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Summer Arrives Early In Malaga

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The early summer will arrive in Spain’s Malaga starting from Monday, with highs of 33 degrees predicted for Pizarra

No coats or umbrellas needed in Malaga as like almost all of Andalucia, it leaves behind the atmospheric instability, the necessary rains, and the cold of the past weeks as an early summer is forecast.

From this Sunday, April 15, high pressure systems will prevail throughout the region, leading to a new weather change characterised by stability and heat. Temperatures will rise and reach, in some areas, such as the Guadalhorce Valley, 33 degrees. This will be the case in Pizarra.

Heading into the weekend, the atmosphere will continue to be sunny and hot. The entry of a warm air mass will cause temperatures to begin rising from tomorrow, Saturday. The east wind, known as ‘levante’ along the Mediterranean coast, will blow. In Malaga capital, the mercury will reach 25 or 26 degrees. In inland areas, such as Antequera, the highs will be around 28 degrees. According to the director of the Meteorological Center of Malaga, Jesus Riesco, the mercury will remain “slightly above normal temperatures” in spring.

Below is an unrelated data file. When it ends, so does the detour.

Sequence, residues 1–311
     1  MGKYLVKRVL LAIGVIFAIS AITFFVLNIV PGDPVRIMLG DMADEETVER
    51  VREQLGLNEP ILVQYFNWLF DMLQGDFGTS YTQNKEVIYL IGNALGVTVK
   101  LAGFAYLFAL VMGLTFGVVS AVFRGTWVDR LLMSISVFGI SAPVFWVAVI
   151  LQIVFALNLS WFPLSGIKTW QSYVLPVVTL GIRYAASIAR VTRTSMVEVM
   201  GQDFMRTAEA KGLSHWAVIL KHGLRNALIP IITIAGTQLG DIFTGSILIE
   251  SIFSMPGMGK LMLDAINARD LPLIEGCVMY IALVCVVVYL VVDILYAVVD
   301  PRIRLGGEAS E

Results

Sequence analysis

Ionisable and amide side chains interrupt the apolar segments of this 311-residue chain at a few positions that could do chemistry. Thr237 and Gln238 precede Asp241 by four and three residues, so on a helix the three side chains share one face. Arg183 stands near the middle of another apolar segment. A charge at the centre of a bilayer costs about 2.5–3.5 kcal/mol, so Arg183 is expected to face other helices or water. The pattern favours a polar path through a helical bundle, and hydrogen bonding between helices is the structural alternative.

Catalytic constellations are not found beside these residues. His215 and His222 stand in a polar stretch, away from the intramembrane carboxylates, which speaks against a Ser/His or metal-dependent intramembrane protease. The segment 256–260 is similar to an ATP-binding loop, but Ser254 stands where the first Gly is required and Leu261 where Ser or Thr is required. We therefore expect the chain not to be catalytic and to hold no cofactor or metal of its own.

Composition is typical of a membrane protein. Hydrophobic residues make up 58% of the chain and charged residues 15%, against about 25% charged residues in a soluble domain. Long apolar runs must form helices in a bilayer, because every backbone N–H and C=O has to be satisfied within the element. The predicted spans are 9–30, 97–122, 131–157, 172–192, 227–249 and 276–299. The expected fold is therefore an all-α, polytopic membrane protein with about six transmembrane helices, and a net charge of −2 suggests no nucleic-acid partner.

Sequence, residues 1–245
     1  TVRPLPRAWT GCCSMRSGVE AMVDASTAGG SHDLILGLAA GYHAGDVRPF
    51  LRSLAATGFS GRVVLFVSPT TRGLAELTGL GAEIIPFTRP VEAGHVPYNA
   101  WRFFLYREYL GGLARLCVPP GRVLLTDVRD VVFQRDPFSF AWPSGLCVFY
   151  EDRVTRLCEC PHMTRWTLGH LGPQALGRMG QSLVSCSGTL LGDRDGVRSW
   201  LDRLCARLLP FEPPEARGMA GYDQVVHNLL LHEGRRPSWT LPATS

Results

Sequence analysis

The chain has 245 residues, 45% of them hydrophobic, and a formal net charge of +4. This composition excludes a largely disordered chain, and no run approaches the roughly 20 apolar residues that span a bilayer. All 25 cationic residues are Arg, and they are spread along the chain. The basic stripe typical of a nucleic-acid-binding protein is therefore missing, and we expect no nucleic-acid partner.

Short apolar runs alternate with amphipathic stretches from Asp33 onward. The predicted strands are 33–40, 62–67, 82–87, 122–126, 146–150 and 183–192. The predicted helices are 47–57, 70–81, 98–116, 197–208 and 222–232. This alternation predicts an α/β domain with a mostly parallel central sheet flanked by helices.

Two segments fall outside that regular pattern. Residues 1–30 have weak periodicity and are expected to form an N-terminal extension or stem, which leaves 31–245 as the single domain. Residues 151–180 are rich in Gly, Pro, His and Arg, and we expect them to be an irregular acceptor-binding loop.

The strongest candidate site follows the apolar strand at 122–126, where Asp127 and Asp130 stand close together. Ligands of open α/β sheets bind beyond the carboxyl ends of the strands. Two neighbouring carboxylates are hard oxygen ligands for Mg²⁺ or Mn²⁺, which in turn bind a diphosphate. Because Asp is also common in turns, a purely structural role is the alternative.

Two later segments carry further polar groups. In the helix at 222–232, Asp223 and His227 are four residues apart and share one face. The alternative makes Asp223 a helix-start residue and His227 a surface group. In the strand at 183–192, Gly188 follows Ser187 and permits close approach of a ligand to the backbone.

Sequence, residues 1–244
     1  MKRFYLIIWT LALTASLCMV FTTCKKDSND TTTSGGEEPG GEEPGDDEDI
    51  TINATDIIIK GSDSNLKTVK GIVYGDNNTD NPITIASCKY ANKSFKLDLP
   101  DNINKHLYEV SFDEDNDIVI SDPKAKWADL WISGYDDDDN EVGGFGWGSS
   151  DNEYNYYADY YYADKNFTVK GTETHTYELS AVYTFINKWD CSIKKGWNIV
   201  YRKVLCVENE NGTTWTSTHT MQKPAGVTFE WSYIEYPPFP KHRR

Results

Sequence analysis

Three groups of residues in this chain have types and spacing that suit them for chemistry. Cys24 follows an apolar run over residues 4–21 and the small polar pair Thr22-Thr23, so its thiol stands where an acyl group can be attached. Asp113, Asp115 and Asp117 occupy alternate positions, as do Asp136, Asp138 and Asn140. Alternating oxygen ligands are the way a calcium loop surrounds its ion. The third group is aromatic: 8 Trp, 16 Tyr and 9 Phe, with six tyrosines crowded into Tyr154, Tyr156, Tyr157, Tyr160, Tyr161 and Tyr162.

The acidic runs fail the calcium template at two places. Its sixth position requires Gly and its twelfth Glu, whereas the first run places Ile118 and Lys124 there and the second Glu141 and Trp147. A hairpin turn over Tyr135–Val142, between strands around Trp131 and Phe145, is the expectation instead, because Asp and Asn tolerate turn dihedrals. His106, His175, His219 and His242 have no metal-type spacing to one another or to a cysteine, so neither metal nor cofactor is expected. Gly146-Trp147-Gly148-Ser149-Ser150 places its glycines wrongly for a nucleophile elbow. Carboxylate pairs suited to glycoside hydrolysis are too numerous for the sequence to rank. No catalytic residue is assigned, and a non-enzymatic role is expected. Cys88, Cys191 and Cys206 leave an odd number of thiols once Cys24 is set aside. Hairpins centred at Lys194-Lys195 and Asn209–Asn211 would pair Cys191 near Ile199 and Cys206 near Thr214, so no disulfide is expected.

From Wednesday onwards, the forecast suggests that once again, the heat will ease off and maximum temperatures will drop, although they will still be above normal values.

A sunny map and mild temperatures this Friday

For today, Meteorology expects a sunny map with mild temperatures, typical of spring, around 20 degrees in coastal areas and below that value inland. It’s the lull before the expected rise in temperatures for Saturday and Sunday, and especially at the beginning of next week.

For now, the weather forecast for this day from the State Meteorological Agency (Aemet) suggests there will be partly cloudy or clear skies, with intervals of morning low clouds on the coast. Light easterly winds are expected, with moderate intervals on the western coast and in the Antequera region.

Moreover, over the years, Spain, including Malaga, has experienced increasing temperatures attributed to climate change, intensifying the heatwaves and making early summers more common occurrences. This trend poses challenges for agriculture, water resources, and public health, requiring proactive measures to adapt to the changing climate conditions.

Catalonia may be going through the worst drought on record for the area, however, the southern region of Andalucía has faced continuous drought since 2016. In 2023, Spain’s droughts ranked among the 10 most costly climate disasters in the world, according to a report by Christian Aid.

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